“That is indeed an excellent suggestion,” said the Water Rat, and hurried off home. There he got out the luncheon basket, and packed a simple meal, in which, remembering the stranger’s origin and preferences, he took care to include a yard of long French bread, a sausage out of which the garlic sang, some cheese which laid down and cried, and a long-necked straw-covered flask wherein lay bottled sunshine shed and garnered on far Southern slopes.

Kenneth Grahame, The Wind in the Willows

Childish Things

Without a doubt my favourite section was Childish Things, taking me back to many books I loved. Ratty’s picnic from The Wind in the Willows, the Turkish Delight from Narnia, lashings of ginger beer courtesy of Enid Blyton, and Heidi’s first taste of toasted cheese – all great scenes that really have lived in my memory since childhood. There’s a section on fabulous feasting, with lists of enough dead animals to make a vegetarian faint, and I was glad to get from there to Simple Pleasures, on such delights as tea and hot, buttered toast. And Distant Times and Places brings us travellers’ tales, from Gulliver to Captain Scott.

Afterwards the tables were covered with meats, antelopes with their horns, peacocks with their feathers, whole sheep cooked in sweet wine, haunches of she-camels and buffaloes, hedgehogs with garum, fried grasshoppers, and preserved dormice. Large pieces of fat floated in the midst of saffron in bowls of Tamrapanni wood. Everything was running over with wine, truffles, and asafoetida. Pyramids of fruit were crumbling upon honeycombs, and they had not forgotten a few of those plump little dogs with pink silky hair and fattened on olive lees…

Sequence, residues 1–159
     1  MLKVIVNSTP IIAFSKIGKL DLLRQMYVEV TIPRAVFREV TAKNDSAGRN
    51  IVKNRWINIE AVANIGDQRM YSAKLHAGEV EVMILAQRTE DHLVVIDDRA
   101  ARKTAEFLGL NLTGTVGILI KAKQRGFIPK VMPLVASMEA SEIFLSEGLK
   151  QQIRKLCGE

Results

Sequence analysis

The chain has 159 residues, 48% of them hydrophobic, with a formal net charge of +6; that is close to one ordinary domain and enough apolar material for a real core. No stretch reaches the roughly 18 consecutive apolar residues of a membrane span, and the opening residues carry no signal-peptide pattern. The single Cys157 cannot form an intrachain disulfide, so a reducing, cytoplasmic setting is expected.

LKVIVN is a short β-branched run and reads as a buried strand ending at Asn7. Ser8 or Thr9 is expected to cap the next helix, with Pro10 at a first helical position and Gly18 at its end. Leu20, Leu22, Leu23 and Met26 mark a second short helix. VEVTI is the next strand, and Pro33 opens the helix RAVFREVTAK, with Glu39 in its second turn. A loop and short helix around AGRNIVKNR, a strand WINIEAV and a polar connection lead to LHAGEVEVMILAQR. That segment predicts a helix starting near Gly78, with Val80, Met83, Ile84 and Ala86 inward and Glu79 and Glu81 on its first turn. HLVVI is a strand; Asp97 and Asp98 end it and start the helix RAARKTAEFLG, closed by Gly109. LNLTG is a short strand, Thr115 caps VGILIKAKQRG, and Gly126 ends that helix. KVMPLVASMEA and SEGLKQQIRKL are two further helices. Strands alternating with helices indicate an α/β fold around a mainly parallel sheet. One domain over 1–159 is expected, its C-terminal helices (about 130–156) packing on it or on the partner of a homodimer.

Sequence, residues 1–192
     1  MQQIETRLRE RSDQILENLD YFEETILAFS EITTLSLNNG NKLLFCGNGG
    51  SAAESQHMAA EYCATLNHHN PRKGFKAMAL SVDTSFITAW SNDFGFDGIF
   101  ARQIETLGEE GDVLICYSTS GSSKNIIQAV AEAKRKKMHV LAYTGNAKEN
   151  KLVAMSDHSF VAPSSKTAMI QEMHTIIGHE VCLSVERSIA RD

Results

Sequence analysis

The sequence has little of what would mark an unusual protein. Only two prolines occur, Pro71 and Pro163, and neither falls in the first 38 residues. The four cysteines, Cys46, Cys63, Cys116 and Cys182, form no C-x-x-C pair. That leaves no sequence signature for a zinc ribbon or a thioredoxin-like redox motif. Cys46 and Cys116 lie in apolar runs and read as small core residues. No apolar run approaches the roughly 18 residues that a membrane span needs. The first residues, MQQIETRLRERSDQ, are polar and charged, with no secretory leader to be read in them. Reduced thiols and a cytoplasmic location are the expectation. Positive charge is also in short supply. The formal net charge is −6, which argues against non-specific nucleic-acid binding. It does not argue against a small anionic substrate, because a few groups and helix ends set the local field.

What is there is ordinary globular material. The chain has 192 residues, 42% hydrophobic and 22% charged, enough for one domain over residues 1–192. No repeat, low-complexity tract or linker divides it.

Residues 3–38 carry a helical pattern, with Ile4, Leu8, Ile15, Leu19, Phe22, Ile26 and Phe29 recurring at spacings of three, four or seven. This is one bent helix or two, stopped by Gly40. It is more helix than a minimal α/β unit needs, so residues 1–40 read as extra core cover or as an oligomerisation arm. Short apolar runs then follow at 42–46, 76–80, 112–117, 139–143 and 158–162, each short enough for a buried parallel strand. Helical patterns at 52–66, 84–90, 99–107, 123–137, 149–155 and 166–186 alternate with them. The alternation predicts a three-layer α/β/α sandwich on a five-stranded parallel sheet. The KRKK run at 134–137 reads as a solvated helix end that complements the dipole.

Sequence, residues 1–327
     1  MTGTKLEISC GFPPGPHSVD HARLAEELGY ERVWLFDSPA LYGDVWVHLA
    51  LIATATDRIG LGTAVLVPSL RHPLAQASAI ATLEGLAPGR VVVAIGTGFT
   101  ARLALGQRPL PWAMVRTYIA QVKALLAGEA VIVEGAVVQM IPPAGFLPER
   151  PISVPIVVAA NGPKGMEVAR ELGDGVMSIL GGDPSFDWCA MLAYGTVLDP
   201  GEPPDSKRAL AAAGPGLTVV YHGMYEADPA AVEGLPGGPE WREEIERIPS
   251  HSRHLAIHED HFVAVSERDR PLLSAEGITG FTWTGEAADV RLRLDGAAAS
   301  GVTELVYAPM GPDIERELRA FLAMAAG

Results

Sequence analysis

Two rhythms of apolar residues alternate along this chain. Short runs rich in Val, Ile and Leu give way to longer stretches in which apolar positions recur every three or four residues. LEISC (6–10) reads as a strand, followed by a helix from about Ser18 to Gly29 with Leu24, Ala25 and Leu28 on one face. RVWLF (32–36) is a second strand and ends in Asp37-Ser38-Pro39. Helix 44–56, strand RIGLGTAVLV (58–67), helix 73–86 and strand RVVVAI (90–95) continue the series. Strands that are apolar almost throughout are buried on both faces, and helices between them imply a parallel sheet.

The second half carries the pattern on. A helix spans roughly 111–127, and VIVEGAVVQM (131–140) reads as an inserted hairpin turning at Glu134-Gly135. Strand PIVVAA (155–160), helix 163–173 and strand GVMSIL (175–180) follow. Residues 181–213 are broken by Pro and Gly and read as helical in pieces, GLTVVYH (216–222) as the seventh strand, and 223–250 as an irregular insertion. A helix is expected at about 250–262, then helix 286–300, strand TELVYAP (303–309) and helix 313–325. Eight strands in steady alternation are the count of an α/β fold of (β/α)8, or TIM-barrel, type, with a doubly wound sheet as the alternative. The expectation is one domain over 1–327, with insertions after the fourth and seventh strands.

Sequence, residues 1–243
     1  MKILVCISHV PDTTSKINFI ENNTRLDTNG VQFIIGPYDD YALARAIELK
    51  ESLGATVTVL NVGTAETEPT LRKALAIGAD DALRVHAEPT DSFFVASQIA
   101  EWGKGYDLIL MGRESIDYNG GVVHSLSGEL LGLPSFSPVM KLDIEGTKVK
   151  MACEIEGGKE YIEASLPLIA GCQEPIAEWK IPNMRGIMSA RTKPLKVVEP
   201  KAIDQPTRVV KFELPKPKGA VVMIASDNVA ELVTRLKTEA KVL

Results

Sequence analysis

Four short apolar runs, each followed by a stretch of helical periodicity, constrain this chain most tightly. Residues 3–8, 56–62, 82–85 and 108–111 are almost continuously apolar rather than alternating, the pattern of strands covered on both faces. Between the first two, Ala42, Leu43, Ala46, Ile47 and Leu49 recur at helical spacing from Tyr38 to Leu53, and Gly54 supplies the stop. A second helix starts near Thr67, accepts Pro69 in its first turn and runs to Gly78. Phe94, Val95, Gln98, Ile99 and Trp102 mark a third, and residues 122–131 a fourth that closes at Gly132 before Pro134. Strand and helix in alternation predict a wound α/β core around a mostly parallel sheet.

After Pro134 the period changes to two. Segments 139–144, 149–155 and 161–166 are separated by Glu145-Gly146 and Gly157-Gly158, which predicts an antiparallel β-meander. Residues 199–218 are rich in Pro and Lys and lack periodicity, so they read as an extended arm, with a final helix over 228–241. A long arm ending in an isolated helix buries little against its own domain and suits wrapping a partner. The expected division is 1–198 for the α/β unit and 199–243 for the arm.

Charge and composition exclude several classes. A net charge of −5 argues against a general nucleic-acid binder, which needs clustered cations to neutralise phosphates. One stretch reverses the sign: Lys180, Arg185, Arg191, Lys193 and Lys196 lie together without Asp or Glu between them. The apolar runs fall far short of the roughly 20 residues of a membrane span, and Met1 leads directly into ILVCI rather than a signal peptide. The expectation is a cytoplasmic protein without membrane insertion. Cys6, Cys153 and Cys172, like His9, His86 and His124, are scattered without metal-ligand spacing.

Gustave Flaubert, Salammbô

Heidi

The book is beautifully illustrated, if not quite so lavishly as the London anthology. Most of the illustrations come from the British Library’s own collection, and they are often the specific original illustrations that match the text. Each extract is headed with a short introduction giving the date of writing, which I appreciated, having remarked on the lack of this information in the London book. The list of illustrations is at the back of the book, so requires flicking backwards and forwards if the reader wants to know more about them. The physical quality of the book is wonderful. The cover is gorgeous and pleasingly tactile, the pages are printed on high quality paper and the font and layout are clean and clear. A book that would make a great gift for any food-lover, the more adventurous of whom might want to try out some of the recipes in the final section. I’m not sure I want to eat Alexandre Dumas’ Arab Omelette (made from ostrich and flamenco eggs) but Emily Dickinson’s Gingerbread would go nicely with George Orwell’s Nice Cup of Tea…